- Review Price: £58.95
Fashion headphones aren’t a new phenomena, a number of companies have been targeting this growing market over the last few years by combining outlandish designs with teenager (let’s be honest, they’re the real target market) friendly prices.
Probably the most famous for exclusively targeting this market, though, is Skull Candy. It produces a range of headphones of all shapes, sizes, and designs ranging from sub £20 to around £45 (it does also do some wireless ones that retail for about £65). However, there’s now a relative newcomer, at least here in the UK, which is looking to grab itself a slice of this lucrative pie.
Hailing from Sweden (as Skull Candy also does), the founders of WeSC are a self-proclaimed mad-hat bunch (they’d have to be to call their company ‘We Are The Superlative Conspiracy’) of ex-skateboarders and snowboarders who wanted to create some products that would appeal to the type of people that they themselves would hang out with. It started with clothes and various skater culture accessories and has now branched out into headphones as well.
Its range of ‘phones is aimed a little higher than the likes of Skull Candy with prices starting at around £35 and breaking through the £100 barrier at the top end. Today I’m looking at a middling pair from the Bongo Art range, which cost about £60.
The particular pair I’ve got was designed by Thomas ‘ Marok ‘ Marecki, the art Director and founder of pop culture magazine Lodown. Now I’m sure a few of you will be instantly horrified by the garish design as, in truth, was most of the office when they saw these. However, there are plenty of designs to choose from if these don’t take you fancy, including a plain black one. Personally I think that defeats the object of buying a pair of headphones like this, though. They’re wacky, and that’s a good thing sometimes.
They’re quite well built with solid chunky metal headband and earcup brackets and reasonably resilient plastics used throughout. The padding on the earcups, though, is not the deepest or most luxurious and is plastic coated rather than leather. Also, the headband is not padded at all, but that’s not something I’ve ever seen as a problem – it’s always my ears that start hurting before my head.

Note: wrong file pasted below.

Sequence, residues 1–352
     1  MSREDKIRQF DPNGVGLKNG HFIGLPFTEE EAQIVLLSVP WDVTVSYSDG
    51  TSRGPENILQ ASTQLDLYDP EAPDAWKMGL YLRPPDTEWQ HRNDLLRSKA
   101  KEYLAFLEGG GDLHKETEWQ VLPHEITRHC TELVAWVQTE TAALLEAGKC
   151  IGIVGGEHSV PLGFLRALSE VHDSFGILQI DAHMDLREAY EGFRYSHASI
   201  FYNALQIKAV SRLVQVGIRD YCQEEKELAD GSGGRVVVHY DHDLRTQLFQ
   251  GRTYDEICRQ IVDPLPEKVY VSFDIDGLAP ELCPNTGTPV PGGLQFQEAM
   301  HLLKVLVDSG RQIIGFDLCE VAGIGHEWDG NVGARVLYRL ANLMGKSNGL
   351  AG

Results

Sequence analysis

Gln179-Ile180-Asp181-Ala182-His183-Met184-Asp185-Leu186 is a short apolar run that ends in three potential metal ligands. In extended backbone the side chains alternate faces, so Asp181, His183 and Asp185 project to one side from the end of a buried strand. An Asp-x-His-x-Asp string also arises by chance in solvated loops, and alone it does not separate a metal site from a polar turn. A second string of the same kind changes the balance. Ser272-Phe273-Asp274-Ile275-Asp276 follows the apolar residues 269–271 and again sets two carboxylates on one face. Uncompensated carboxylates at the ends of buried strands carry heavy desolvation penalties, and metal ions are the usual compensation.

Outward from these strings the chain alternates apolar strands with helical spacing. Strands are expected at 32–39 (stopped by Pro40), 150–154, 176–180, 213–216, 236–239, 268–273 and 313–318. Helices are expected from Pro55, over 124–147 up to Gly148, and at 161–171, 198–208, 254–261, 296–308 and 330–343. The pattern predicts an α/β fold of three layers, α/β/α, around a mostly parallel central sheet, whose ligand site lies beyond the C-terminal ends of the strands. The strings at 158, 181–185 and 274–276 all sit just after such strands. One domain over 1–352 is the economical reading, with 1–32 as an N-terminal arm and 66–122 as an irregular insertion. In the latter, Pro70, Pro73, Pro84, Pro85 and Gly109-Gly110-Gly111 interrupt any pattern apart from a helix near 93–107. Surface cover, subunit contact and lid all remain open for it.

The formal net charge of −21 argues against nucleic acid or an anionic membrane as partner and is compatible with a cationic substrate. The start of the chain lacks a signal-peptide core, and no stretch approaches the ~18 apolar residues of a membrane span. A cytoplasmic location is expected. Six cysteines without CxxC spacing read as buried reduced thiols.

The earcups pivot up and down freely on their brackets but the only adjustment of the headphones, per se, is by means of pulling the cup-holding bracket through the white mounting point on the headband. This means they can be made to fit most head sizes but the lack of rotational adjustment means the ‘phones can’t fit to the angle of your ears. With the fairly strongly sprung headband and slightly miserly padding on the cups, this can make wearing these headphones for more than an hour a little painful.
The firm hold does, however, make these headphones very secure, especially compared to some on-ear designs we’ve seen and, along with the closed back design, this provides a degree of noise-isolation. Obviously they don’t compare to active noise-cancelling headphones or noise-isolating canalphones but they’re better than completely open-backed designs.
An initial 50cm length of cable runs down from the left earpiece and a further 105cm extension is also provided. No adapters or converters are bundled in the box but considering that headphones such as these will most likely find use with MP3 players (rather than aeroplane entertainment systems or Hi-Fi’s), the standard stereo 3.5mm jack plug is fine – it’s even 1st gen iPhone compatible.
All told, then, there are a few compromises on the comfort front but as an overall package they seem reasonable, assuming the sound quality can hold up to scrutiny, which for the most part it does. Certainly these don’t compete with true audiophile headphones and at sixty pounds they are coming up against a lot of competition from the low price products from high-end manufacturers like Grado (the iGrado’s use very similar drivers and are much more comfortable), Sennheiser, Shure, and AKG, to name but a few. However, they do actually hold there own at this price point.
For a start, bass response is plentiful, especially if you crank up the volume – and these headphones do get loud! It’s not a forced bass level, either. It sounds natural and never comes at the expensive of the rest of the music. Indeed the overall sound is pleasantly even with mids and highs equally well balanced along with the bass. Actual clarity at the top end isn’t spectacular, which makes music sound a little flat, especially acoustic, jazz, and classical stuff but for £60 we can find little reason to complain about. Certainly if all you want is something with which to blast your punk/rock/dance “choons” out with while careering down a snowy slope at breakneck speeds then these should be right up your street.
We Are The Superlative Conspiracy may be a silly name for a company and these Bongo headphones may well look ridiculous to many people but don’t let that deceive you. While they’re not the most comfortable headphones we’ve ever worn they produce surprisingly good quality sound that’s on a par with anything else you’d get for the money and, with so many different designs on offer, there’s probably a pair of Bongos to suit everyone.
Score in detail
Sound Quality 7
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